So Oregon is a bottle deposit state. They passed their bill way back in 1971. I just had to see this in action for myself. We took our aluminum cans, plastic bottles and our “few” beer bottles to the local grocery store where they have a little area outside for these reverse vending machines.
This was so exciting! The machines read the UPC label off the container. If it is unacceptable (like a Gatorade plastic bottle) it will reject it and spit it back out. Most of our beer bottles, soda cans and water bottles were approved. Evidently the addition of water bottles to the deposit program is kind-of new.
Then the machine gives you a little ticket for $.05 or whatever amount of material you recycled. With that you go into the store and buy groceries and the refund is taken off your bill at the end like a coupon.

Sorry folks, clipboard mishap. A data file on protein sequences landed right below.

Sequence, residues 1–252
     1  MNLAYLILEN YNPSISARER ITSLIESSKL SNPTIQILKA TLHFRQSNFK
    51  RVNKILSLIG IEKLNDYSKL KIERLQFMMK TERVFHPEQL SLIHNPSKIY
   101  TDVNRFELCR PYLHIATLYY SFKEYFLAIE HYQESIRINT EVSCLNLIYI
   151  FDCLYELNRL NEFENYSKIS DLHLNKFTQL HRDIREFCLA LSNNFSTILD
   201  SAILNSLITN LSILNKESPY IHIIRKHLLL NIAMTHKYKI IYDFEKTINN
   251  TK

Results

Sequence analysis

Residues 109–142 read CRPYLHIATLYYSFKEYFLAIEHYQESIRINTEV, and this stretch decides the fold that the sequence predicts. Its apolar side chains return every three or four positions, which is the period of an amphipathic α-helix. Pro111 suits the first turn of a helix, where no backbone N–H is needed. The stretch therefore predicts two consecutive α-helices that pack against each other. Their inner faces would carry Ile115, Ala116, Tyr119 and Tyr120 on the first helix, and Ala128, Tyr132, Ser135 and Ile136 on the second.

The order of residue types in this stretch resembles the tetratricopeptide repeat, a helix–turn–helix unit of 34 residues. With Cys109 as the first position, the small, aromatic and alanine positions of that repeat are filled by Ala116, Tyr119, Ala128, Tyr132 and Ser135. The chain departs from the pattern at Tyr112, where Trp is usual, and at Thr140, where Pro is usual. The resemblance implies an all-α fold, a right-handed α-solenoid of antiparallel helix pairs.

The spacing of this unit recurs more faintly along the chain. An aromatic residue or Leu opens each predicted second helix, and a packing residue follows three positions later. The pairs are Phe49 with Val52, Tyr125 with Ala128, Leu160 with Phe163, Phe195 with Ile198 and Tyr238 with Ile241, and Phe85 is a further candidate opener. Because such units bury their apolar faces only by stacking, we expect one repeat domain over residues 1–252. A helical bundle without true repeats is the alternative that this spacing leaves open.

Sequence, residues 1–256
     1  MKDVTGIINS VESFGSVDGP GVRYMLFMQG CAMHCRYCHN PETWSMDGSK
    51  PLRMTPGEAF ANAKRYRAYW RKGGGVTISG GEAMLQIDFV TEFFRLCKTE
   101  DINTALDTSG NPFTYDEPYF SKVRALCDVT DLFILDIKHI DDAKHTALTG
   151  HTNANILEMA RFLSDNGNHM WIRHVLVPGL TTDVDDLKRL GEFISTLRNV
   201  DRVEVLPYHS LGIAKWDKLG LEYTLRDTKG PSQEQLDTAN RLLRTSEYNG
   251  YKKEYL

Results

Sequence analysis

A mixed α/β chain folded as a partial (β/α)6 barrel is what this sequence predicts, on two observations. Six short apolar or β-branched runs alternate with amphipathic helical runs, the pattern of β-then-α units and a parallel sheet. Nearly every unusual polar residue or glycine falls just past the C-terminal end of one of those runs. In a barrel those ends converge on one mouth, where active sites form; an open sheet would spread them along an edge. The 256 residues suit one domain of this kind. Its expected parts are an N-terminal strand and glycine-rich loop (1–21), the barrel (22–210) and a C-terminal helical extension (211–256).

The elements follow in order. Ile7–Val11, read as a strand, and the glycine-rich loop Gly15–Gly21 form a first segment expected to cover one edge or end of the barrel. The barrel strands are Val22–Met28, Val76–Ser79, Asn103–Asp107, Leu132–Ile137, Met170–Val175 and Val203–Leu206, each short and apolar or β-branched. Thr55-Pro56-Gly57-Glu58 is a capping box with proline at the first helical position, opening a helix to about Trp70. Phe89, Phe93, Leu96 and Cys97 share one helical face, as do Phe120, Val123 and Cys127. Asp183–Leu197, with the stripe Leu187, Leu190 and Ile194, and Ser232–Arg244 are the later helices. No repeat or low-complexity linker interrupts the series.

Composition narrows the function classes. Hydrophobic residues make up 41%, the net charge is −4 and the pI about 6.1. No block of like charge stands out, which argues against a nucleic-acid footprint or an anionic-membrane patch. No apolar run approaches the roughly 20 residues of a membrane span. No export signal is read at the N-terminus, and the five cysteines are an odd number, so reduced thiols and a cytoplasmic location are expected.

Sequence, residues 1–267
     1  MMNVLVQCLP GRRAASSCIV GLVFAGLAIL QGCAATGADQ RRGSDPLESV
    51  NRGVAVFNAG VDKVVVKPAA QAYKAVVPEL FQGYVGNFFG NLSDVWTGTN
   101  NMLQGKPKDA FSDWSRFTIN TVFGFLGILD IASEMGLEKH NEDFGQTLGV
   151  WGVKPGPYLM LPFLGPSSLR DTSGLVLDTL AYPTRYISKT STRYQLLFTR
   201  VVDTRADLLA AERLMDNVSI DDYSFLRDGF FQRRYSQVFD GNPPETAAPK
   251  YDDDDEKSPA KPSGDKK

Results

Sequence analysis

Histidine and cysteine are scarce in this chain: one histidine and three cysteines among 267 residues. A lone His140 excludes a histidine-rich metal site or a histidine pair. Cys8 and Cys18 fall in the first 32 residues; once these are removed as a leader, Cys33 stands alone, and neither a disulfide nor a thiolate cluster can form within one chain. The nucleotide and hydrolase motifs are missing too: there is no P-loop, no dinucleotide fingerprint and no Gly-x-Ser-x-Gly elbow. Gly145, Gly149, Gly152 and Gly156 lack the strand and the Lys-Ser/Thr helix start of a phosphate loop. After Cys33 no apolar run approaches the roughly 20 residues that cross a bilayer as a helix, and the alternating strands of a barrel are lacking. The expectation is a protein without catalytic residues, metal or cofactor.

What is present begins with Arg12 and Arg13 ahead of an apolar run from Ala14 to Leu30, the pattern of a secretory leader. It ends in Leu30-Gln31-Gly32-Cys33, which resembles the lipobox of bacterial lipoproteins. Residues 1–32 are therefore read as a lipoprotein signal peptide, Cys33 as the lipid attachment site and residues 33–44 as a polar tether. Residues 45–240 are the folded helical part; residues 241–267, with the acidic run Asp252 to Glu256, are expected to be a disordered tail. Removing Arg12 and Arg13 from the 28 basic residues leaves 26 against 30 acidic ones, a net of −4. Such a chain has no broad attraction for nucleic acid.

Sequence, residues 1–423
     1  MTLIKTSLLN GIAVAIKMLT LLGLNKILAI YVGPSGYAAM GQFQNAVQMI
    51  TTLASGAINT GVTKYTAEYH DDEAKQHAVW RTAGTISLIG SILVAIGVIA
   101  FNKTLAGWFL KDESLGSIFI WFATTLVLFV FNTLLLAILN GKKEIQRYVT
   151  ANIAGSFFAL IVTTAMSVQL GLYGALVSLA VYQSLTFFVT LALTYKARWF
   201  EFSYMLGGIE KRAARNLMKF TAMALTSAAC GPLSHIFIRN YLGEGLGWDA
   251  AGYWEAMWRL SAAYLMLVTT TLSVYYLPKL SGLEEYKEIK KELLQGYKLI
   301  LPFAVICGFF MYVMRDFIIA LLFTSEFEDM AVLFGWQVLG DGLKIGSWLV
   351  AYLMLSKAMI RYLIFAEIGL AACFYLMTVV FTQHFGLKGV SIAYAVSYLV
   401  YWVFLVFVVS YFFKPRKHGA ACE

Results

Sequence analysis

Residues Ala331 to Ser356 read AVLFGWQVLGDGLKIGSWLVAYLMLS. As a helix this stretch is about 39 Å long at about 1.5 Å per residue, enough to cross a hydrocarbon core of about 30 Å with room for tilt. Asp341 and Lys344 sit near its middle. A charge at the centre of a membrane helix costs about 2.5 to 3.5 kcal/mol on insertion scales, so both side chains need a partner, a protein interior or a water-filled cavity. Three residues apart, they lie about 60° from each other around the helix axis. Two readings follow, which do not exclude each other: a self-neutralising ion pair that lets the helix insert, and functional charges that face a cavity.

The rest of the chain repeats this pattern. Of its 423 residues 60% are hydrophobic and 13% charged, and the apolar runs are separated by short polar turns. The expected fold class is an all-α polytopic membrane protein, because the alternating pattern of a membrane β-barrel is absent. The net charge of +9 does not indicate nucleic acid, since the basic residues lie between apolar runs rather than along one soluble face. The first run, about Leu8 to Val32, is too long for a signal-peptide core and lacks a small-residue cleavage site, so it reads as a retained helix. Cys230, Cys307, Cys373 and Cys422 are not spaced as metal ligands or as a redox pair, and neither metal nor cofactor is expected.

Later on in my vacation, I was reading the February issue of the “American Recycler” newspaper (I know I am a dork, reading this on vacation). There was an article in the paper about Oregon’s program. Evidently its recycling rate in 2004 was about 25 percent. Then the rate increased sharply due to an increase in curbside recycling programs implementing carts instead of bins. Sounds like North Carolina.
On that topic, the people I stayed with had to pay a private company for curbside recycling collection. It isn’t part of their municipal utility program.
In another article from “American Recycler” regarding Albertson’s grocery stores putting in more reverse vending machines in OR and CA, it said that “studies show that consumers who return empties during their shopping visit, purchase up to 52 percent more than other shoppers.” That is quite an incentive for grocery stores!
All in all, I learned a lot about how bottle deposit programs work.